Money & Banking

YES Bank Q4: Deposit outflows, breach of capital ratios raise concerns on future of the bank

Radhika Merwin BL Research Bureau | Updated on May 07, 2020 Published on May 07, 2020

Yes Bank resumed its full banking services from Wednesday evening.   -  PTI

Whether the clutch of lenders, led by SBI, that rescued the bank, are able to infuse more capital, needs to be seen

For investors in the crisis-hit YES Bank that was bailed out by a clutch of banks about two months ago, the bank’s March quarter results has understandably been on the top of their radar. Given that the previous December quarter results (declared after much delay) threw up some nasty surprises on bad loans and worrisome trends on liquidity and capital position, whether the bank continued to see deposit outflows after the restrictions were lifted on March 18, and if the medley of banks bringing in Rs 10,000 crore of capital was adequate to revive the bank---have been questions lingering in the minds of depositors and investors.

The bank’s March quarter results, sadly, do not allay any of these fears.

The steady withdrawal of deposits even after the restrictions were lifted (Rs 32,000 crore between March 18 and March 31), capital and liquidity ratios slipping below the regulatory requirement and the evolving risks owing to Covid-led disruption, throw up grave concerns on the bank’s ability to continue as a going concern.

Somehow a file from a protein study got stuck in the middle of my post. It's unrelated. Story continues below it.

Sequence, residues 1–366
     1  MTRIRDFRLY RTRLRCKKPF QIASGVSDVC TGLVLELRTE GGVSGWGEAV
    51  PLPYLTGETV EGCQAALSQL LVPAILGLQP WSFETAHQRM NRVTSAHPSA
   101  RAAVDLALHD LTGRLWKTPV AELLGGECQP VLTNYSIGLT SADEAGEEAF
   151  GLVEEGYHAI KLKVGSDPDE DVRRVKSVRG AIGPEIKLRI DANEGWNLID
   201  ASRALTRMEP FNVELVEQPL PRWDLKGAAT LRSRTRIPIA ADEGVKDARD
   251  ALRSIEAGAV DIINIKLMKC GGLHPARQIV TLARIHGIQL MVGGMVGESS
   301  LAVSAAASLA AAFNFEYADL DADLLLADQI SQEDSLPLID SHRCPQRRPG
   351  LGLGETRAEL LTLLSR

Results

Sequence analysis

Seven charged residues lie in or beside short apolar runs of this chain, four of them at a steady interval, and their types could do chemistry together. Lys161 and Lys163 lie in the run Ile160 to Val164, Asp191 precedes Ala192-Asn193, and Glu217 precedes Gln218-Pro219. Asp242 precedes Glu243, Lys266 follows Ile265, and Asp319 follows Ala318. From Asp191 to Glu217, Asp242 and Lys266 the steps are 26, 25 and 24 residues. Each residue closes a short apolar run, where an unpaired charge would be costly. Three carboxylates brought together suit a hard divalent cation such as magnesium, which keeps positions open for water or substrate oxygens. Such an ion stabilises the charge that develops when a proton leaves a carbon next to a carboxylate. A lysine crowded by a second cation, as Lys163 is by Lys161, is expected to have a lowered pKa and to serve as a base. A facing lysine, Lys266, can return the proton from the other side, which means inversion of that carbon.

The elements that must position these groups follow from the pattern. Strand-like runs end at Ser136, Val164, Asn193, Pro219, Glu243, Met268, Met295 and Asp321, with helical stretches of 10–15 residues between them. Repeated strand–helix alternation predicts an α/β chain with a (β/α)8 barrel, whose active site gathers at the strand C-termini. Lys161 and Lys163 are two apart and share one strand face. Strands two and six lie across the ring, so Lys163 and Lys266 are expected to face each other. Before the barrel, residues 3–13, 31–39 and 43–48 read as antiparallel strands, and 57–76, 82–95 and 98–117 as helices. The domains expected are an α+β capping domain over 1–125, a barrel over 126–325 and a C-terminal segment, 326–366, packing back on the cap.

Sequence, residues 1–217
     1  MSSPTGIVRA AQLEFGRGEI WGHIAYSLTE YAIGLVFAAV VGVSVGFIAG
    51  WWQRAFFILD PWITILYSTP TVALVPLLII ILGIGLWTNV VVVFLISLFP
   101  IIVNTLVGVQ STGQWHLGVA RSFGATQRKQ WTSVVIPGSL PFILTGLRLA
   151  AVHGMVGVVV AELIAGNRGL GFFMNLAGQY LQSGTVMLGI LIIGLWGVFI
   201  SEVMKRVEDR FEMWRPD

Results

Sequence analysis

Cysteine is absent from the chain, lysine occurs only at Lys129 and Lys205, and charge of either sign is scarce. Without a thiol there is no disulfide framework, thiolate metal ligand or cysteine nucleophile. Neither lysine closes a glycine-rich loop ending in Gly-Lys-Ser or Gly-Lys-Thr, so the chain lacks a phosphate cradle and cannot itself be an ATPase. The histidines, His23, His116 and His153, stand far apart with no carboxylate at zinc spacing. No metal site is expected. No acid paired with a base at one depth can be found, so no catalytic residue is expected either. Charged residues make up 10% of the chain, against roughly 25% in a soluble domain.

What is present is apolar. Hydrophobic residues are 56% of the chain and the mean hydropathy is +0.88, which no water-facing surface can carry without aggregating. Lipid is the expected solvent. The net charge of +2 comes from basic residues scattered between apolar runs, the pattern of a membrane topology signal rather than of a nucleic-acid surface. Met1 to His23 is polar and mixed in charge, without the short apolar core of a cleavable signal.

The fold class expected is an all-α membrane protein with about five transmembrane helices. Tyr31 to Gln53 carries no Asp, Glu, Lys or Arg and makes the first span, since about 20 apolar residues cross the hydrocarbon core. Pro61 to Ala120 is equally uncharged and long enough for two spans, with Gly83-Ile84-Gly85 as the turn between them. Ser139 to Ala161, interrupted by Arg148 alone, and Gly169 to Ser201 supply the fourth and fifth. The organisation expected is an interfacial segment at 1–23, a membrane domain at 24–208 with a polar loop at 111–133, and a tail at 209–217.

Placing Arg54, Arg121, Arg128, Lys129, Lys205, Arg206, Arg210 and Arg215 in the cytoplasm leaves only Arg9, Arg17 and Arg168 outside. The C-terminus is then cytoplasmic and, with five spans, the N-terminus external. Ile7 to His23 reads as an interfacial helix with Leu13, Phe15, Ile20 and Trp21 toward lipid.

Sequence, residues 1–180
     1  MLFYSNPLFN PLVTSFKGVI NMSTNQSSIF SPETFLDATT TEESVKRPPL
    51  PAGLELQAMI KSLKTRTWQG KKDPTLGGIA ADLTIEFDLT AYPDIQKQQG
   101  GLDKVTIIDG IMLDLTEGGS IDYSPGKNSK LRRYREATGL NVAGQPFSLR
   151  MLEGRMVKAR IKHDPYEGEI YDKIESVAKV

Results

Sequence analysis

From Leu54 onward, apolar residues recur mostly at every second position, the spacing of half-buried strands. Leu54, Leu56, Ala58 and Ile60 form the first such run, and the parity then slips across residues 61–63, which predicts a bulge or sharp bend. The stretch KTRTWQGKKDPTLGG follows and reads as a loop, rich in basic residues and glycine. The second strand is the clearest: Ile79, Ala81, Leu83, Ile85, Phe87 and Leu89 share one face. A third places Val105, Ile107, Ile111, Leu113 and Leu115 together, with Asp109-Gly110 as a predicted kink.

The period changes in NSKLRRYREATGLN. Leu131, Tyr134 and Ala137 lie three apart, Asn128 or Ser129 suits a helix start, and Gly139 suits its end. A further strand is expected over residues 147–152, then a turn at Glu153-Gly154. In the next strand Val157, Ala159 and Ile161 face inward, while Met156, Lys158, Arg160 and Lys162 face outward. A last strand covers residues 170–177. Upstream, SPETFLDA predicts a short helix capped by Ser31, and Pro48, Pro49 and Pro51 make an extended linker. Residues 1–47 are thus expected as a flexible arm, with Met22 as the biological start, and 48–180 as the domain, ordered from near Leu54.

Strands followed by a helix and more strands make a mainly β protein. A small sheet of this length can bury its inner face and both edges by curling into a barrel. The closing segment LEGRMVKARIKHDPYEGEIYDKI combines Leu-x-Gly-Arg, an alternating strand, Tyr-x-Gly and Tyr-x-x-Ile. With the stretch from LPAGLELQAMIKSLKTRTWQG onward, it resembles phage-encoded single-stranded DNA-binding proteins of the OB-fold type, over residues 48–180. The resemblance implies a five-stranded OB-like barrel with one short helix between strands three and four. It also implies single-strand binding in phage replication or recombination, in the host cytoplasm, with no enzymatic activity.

The independent auditor’s review report (B S R & Co. LLP) points out that “assumption of going concern is dependent on the bank's ability to achieve improvements in liquidity, asset quality and solvency ratios and mitigate the impact of Covid-19 and thus a material uncertainty exists that may cast a significant doubt on the bank's ability to continue as a going concern.”


As of March 31, the bank’s CET 1 ratio and Tier 1 capital ratio slipped to 6.3 per cent (regulatory requirement of 7.375 per cent) and 6.5 per cent (regulatory 8.875 per cent), despite Rs 10,000 crore capital infusion by various lenders and the writing down of AT 1 bonds amounting to Rs 8,415 crore. While bank’s results suggest that the breach in capital ratios has been on account of its decision to increase its provision cover (only marginally to 73.8 per cent from 72.7 per cent in December quarter), the quantum of provisions made in light of the increasing risk on account of the pandemic, appear inadequate.

The bank has made provisions of Rs 238 crore (against moratorium NPA standstill accounts of Rs 2,713 crore). But a sizeable portion of loans falling under the moratorium (35-45 per cent across MSME, corporate, and retail) and sharp downgrades likely in the corporate book (SMA 1 currently at Rs 10,781 crore) going ahead, suggest that the bank’s provisions could go up sharply in the coming quarter.

The bank’s bare bones capital would not be enough to absorb future losses. The RBI placing the bank under 'Prompt Corrective Action' (PCA) on breach of CET ratio could make matters worse and throw up more challenges in the already long drawn revival plan of the bank.

Hence the critical question is whether, SBI (alone having infused Rs 6050 crore) and the other seven lenders, that came to the rescue of YES Bank, would be able to pump in more capital given their own capital constraints. Remember the Covid-led lockdown has thrown the entire banking system out of gear. YES Bank’s quick fix rescue plan that hinges on the continual support of its benefactors can run aground if the pandemic situation worsens.

Where though capital?